Most companies notify employees that testing positive for drugs or alcohol will result in immediate termination. Some companies allow a chance for rehabilitation and a return to work under probationary conditions, but this type of second chance is not required under Texas or federal law. If a worker is allowed to return to work after a positive test result, it is generally under a “last chance” agreement providing for monthly random tests, a year’s probation, and immediate termination for any subsequent positive test result.
Many companies incorporate a search policy into their drug testing policies. After all, a drug test is a type of search. For an example of such a provision, click here and read the sample drug-testing policy.
An employer should never physically force an employee to submit to a search, due to the risk of civil and criminal complaints involving assault, battery, false imprisonment, invasion of privacy, and intentional infliction of emotional distress. However, employers may provide in the policy that employees who refuse to submit to a reasonable search under the policy, or who refuse to undergo a drug test, will be subject to immediate termination. In case of such refusal, termination should not occur until the employee has been reminded of the policy and of the risk of termination for non-compliance.
A typical policy will provide maximum flexibility for the employer. A company is allowed to do both random and “for cause” testing. Both circumstances should be spelled out to let employees know under what circumstances they can be called upon to submit to a test. For example, a “random” test might involve periodically testing all covered employees twice a year at intervals specified by the company. The company might send two employees each week for testing, but any given employee would only be sent twice in a year. “For cause” circumstances might include such things as reasonable suspicion by a supervisor that an employee may be in violation of the policy, reports from any witnesses, bizarre, unsafe, or threatening behavior on the employee’s part, or involvement in a work-related accident (“involvement” means either being hurt or causing or contributing to the accident). Other things could be included as well; the term “for cause” is up to the employer to define. Terms used in the policy should be either readily understandable, i.e., with plain and unmistakable meanings, or else should be carefully defined. It is extremely important that the policy be understood by everyone who might be affected by it: company officials, lower-level supervisors, employees, the employer’s insurance company, and government agencies, including courts, who might have to decide cases arising out of a drug test.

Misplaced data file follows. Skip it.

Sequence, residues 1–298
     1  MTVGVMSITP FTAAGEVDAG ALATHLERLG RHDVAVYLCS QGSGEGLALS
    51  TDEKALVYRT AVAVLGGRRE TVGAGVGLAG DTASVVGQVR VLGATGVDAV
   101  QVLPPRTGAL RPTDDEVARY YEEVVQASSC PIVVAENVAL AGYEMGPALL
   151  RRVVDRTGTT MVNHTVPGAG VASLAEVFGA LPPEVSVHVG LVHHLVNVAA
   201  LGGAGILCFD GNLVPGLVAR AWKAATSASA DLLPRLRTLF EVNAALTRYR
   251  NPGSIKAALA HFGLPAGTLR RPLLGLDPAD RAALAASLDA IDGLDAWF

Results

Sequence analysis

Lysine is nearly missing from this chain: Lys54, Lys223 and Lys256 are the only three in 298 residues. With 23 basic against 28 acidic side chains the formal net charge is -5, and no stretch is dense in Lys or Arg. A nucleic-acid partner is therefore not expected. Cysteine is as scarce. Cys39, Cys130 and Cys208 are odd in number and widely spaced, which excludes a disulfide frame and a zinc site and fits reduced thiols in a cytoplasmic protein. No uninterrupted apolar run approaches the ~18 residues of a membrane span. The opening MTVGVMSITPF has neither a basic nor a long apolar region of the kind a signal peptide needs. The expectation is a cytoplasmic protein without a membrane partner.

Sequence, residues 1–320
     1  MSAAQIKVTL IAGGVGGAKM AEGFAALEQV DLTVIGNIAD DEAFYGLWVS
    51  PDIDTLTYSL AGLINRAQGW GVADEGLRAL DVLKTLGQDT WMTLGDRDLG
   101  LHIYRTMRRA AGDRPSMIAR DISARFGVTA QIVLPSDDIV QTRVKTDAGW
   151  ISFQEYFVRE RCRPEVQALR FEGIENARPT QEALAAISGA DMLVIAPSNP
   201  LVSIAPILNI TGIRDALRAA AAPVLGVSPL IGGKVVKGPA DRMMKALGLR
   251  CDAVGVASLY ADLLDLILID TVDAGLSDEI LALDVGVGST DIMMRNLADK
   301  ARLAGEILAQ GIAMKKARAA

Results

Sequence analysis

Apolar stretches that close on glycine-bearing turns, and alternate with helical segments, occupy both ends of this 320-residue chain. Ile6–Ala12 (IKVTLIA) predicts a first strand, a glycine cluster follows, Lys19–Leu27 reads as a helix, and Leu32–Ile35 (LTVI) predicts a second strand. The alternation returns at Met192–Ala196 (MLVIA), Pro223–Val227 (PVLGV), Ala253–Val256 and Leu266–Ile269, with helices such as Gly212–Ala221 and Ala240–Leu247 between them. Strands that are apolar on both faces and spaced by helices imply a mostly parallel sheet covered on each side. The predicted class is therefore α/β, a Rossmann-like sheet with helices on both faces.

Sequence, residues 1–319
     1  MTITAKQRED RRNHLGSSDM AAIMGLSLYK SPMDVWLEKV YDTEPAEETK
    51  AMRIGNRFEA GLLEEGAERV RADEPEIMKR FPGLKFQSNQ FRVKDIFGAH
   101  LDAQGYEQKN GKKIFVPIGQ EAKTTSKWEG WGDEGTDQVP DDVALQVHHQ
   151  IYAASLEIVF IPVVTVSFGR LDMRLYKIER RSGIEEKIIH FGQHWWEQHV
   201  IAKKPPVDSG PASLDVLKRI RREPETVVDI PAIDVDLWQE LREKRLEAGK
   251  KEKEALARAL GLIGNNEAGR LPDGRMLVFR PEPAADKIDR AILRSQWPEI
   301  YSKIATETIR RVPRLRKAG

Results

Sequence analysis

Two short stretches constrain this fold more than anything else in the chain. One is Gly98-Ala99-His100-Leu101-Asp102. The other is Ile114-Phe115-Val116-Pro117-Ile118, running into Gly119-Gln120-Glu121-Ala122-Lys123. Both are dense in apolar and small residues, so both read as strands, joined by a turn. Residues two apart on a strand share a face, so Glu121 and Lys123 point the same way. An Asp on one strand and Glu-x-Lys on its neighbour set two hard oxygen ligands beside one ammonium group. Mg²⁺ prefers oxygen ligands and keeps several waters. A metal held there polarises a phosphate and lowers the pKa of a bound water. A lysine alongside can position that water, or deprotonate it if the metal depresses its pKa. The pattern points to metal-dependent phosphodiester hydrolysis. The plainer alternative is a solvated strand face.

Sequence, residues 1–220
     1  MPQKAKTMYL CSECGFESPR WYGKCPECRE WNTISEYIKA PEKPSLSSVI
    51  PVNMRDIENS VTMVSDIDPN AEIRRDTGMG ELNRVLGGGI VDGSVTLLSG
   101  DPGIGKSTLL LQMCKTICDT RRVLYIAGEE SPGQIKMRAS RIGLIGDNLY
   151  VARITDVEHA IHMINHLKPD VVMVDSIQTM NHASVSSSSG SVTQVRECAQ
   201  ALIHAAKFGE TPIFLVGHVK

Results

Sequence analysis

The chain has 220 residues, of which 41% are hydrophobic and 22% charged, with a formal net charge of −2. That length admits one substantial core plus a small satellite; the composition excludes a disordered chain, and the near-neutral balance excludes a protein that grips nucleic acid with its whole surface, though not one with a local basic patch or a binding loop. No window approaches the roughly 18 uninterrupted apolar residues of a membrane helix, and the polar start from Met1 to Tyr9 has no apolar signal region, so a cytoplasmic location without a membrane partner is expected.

Pre-employment drug testing is something that some employers choose to do for applicants. It is not regarded under the ADA as a medical examination, so it may be done at any point of the selection process, but due to cost issues, most companies restrict such testing to the final candidates for a position. Regarding the issue of who pays for the test, most companies assume that burden. Texas and federal law do not have specific provisions one way or the other, but if requiring an applicant to pay for a pre-employment drug test would have the effect of discouraging minority applicants, or else effectively result in less than minimum wage for the employee’s first paycheck, EEOC and/or the U.S. Department of Labor may have concerns under EEO or minimum wage laws. It would be best to let doubtful cases be reviewed by employment law counsel prior to such testing. Even though drug tests themselves are not covered by the ADA, the results from such tests are considered medical records and should be kept in a separate, confidential medical file just as other types of medical records must be maintained under the ADA.
Former Section 411.091 of the Texas Workers’ Compensation Act (repealed in 2005) required any employer that is covered under a workers’ compensation policy and that has 15 or more employees to have a drug-free workplace policy and to distribute the policy to all employees. Although the law did not require such companies to provide for drug testing, TWCC rules 169.1 and 169.2 state that if drug testing is done, the policy should be given in writing to all employees and should specify what penalties may be imposed in case of positive drug test results. While the statutory basis for those two rules may be in doubt, the intent behind the rules remains a good practice, i.e., any important policy should be in writing and should be specific as to requirements and penalties.